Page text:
First World Misery in Haneke’s Happy End

Haneke’s latest take on technology and family dysfunction has anything but the above

A connoisseur of despair, acclaimed Austrian director Michael Haneke is a keen observer of the malignant absurdity of society, winning two Palmes d’Ors for The White Ribbon and Amour. His latest, Happy End, retreads familiar ground while presenting new perspectives on his favorite topics.

Offering a candid portrait of a wealthy Calais-based family, Happy End doesn’t pull punches, mercilessly exposing secrets, lies, and bourgeois hypocrisy as the protagonists dive deeper into self-inflicted misery oblivious to the refugees wandering the streets around them. Slow paced and meditative, Haneke comfortably settles into the niche he created over the last decades: the destructive tendencies of modern technology and the surveillance it encourages, spiritual malaise amid material comfort, emotional egotism and indifference to suffering.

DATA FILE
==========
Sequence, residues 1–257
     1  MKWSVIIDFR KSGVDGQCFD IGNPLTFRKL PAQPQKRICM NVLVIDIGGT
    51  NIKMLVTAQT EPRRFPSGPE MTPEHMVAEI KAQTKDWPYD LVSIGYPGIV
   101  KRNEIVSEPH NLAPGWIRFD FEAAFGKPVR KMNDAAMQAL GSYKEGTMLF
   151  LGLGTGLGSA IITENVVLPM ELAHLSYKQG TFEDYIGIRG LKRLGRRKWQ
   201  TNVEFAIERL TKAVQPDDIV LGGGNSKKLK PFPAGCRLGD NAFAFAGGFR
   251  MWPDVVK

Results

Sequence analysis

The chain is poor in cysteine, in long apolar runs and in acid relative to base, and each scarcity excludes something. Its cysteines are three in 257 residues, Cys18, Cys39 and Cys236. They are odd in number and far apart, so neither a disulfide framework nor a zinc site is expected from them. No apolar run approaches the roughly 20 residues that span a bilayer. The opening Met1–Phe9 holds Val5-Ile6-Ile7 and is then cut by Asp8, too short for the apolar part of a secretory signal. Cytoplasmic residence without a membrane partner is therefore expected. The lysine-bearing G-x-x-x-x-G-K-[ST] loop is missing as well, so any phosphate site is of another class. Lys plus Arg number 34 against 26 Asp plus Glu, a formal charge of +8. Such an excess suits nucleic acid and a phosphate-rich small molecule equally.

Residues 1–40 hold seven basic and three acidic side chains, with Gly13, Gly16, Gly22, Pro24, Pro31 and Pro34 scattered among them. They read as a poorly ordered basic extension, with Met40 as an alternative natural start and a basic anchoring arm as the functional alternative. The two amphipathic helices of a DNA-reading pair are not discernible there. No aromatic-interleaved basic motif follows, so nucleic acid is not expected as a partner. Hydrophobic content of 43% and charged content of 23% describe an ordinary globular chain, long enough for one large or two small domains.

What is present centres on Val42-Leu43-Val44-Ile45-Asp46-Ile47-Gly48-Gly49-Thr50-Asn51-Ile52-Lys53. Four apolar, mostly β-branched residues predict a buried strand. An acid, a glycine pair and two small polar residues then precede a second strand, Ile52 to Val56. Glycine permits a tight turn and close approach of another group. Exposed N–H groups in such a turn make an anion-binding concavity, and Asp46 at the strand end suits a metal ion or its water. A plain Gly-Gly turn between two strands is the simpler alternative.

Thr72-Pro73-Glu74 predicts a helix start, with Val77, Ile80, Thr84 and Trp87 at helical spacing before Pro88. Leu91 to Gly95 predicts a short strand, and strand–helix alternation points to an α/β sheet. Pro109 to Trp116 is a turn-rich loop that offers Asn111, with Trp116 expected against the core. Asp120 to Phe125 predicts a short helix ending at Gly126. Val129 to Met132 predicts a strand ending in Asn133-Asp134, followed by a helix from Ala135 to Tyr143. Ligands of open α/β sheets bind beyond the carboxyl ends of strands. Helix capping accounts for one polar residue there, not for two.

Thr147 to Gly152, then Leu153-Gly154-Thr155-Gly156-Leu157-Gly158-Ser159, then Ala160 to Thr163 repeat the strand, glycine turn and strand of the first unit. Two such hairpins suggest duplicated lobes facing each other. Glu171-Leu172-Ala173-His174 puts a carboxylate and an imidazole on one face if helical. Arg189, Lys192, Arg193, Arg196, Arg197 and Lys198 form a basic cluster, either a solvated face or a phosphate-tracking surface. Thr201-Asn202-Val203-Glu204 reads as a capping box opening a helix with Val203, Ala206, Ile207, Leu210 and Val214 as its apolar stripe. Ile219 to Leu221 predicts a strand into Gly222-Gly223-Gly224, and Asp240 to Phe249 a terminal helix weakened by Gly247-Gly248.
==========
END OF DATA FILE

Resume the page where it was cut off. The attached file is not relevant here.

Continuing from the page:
His trademark long shots help create an evocative yet unsettling atmosphere, his incohesive narrative concealing layers of hidden meaning in each scene. Anchored by Isabelle Huppert as a strong matriarch keeping the family together, the riveting cast stoically faces their intolerable existence in minute detail.

Starts Oct 6, Votiv, 9., Währinger Strasse 12. 

Starts Oct 20, Burg, 1.,Opernring 19.

Anja Stevic
Is a Croatian born writing for Metropole. After moving around, she decided to make Vienna her hometown, where she is currently pursuing her MSc in Communications. In her free time, she is attending exhibitions, photographing or analyzing data.

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